Tag Archives: Berkeley elections
Two Berkeley officials put forward a new proposal Tuesday night for a combined bond and tax measure that could go before voters in November.
The idea, presented by Berkeley City Council members Linda Maio and Laurie Capitelli, would cost property owners about $58 a year for an average Berkeley home, which is defined by the city as 1,900 square feet.
The combined bond and tax measure, which is called a Mello-Roos, could bring in $19 million to improve existing parks, re-open Willard Pool and create public gardens in a two-block section of the abandoned Santa Fe Right of Way in South Berkeley, among other projects. It would also include an annual $1.1 million operations tax to help pay for parks maintenance. (The bond would be paid off over 30 years.) … Continue reading »
By Kate Darby
Regardless of the outcome of Tuesday’s primary election for the District 15 Assembly seat, history is in the making in Berkeley. For the first time in several decades, this assembly race doesn’t include a candidate with direct ties to Berkeley City Hall, though one has garnered a slate of endorsements from familiar faces there.
Current District 15 Assemblywoman Nancy Skinner of Berkeley is termed out of office at the end of the year, opening the door to an energized contingent of candidates interested in her seat. The 64% majority Democrat district covers a swatch of the East Bay from north Oakland to Hercules, including the cities of Berkeley, Emeryville, and Richmond. … Continue reading »
At least two measures backed by Berkeley residents appear to have collected enough support to make them likely to be on the November 2014 ballot.
On Tuesday, a group backed by City Councilman Jesse Arreguín turned in more than 3,900 signatures to put a measure before voters that forces higher environmental standards on tall buildings in the downtown on the ballot. It would also create an overlay in the civic center district preventing certain buildings from being converted to commercial use. … Continue reading »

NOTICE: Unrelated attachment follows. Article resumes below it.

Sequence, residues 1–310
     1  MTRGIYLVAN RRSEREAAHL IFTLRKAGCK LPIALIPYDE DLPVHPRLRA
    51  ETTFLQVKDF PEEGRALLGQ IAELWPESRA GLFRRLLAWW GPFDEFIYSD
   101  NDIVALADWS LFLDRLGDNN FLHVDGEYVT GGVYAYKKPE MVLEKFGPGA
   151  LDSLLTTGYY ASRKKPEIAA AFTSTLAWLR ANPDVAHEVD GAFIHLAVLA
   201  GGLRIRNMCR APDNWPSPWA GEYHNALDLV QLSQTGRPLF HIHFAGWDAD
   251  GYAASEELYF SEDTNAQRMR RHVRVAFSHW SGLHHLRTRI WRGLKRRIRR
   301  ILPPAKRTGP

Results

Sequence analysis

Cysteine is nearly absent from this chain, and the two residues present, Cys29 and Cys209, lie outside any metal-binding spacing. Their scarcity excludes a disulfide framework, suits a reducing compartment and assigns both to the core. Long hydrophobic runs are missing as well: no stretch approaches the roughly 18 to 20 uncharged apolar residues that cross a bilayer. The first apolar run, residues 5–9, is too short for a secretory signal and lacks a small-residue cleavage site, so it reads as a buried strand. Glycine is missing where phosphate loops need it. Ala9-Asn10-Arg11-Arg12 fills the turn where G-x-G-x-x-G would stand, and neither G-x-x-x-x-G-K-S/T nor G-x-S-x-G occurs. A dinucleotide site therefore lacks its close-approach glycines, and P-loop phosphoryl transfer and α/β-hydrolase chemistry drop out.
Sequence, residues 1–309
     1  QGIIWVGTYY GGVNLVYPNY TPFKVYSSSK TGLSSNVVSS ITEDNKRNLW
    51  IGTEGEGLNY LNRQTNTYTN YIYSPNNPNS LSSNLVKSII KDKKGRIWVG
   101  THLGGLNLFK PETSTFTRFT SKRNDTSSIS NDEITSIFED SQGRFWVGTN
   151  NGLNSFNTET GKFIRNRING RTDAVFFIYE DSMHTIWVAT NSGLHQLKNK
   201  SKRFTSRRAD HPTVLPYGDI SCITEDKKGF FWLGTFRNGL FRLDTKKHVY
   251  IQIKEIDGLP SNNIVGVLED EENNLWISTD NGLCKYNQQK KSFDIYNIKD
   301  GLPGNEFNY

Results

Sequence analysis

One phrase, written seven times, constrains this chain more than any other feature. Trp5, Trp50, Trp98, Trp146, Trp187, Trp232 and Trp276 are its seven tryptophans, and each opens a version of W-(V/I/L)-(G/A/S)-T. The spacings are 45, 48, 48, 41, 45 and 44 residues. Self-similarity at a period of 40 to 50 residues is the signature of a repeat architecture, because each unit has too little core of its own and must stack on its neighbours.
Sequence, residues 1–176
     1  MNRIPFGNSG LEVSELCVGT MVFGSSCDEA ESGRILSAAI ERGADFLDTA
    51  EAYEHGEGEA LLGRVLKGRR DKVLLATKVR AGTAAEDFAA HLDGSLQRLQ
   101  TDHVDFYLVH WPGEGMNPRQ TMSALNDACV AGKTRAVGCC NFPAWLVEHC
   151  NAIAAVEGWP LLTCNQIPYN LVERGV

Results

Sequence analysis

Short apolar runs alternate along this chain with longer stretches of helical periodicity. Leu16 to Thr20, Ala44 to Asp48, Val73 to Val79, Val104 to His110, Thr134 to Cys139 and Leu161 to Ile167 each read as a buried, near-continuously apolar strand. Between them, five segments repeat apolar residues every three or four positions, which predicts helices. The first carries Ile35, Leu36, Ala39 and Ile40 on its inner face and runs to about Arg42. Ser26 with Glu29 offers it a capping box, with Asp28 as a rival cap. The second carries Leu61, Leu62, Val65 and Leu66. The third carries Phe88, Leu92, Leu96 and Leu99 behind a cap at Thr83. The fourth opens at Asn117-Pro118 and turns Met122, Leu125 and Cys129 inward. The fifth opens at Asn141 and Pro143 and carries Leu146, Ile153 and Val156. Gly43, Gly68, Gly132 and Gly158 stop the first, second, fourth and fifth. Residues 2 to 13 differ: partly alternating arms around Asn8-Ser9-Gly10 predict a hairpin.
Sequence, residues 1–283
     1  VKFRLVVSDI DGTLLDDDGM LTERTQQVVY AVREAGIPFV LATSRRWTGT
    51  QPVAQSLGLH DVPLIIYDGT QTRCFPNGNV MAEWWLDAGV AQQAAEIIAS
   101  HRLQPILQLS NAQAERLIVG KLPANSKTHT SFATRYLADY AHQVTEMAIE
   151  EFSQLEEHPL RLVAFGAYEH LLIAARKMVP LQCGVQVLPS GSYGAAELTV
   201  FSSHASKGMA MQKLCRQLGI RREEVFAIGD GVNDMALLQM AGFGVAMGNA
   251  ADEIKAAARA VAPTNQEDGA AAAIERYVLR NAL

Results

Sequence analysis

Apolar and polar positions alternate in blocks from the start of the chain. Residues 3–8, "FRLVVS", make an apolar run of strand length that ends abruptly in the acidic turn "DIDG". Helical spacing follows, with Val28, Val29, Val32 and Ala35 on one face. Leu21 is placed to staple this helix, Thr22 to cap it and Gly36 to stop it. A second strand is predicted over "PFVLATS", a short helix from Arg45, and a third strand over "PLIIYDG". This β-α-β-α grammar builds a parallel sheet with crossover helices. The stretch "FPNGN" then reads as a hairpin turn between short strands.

Berkeley officials voted Tuesday night on ballot language related to a November 2014 soda tax proposal, but exactly what sort of fundraising request might come before voters to help the city’s parks remains to be determined.
Regarding the soda tax, voters will be asked whether the city should “impose a general tax of 1 cent per ounce on sugar-sweetened beverages,” payable by distributors with gross annual receipts over a certain amount.
Ballot language proposed Tuesday night would limit the tax to businesses with receipts over $100,000, but Councilman Laurie Capitelli said the number is still a bit in flux, and will be clarified in June when the Berkeley City Council makes its final decision on city-driven ballot measures. … Continue reading »
Update: 6//14: The initiative has qualified for the November 2014 ballot.
Original story” As volunteers man the entrances to Berkeley Bowl, wander the farmers markets, and stop people on the street to collect signatures for what is called the “Green Downtown & Public Commons Initiative,” the various sides disagree on the impact the initiative may have on development in Berkeley.
City Councilman Jesse Arreguín, who is a main backer of the drive, says the initiative is merely aimed at making major developers contribute more community benefits.
“This measure is not intended to stop development at all,” said Arreguín. “Its purpose is to codify some of the community benefits that were not only made in the Downtown Plan, but in Measure R.”
But many in the development community disagree. They believe the initiative, with its higher green standards and less flexible design guidelines, could stop two current projects — the proposed 180-foot hotel at the intersection of Shattuck Avenue and Center Street, and the 17-story residential apartment tower behind the Shattuck Cinemas building. At the very least, if the initiative passes, it will make it harder to build taller structures downtown. … Continue reading »
Don’t be deceived. Backers of a proposed measure for the Berkeley ballot in November are circulating voter-signature petitions under the guise of “saving the Post Office.” But the main thrust of the measure is to impose prohibitively restrictive fees and requirements on new projects in Berkeley’s core downtown. It would not guarantee that the Post Office would continue operating.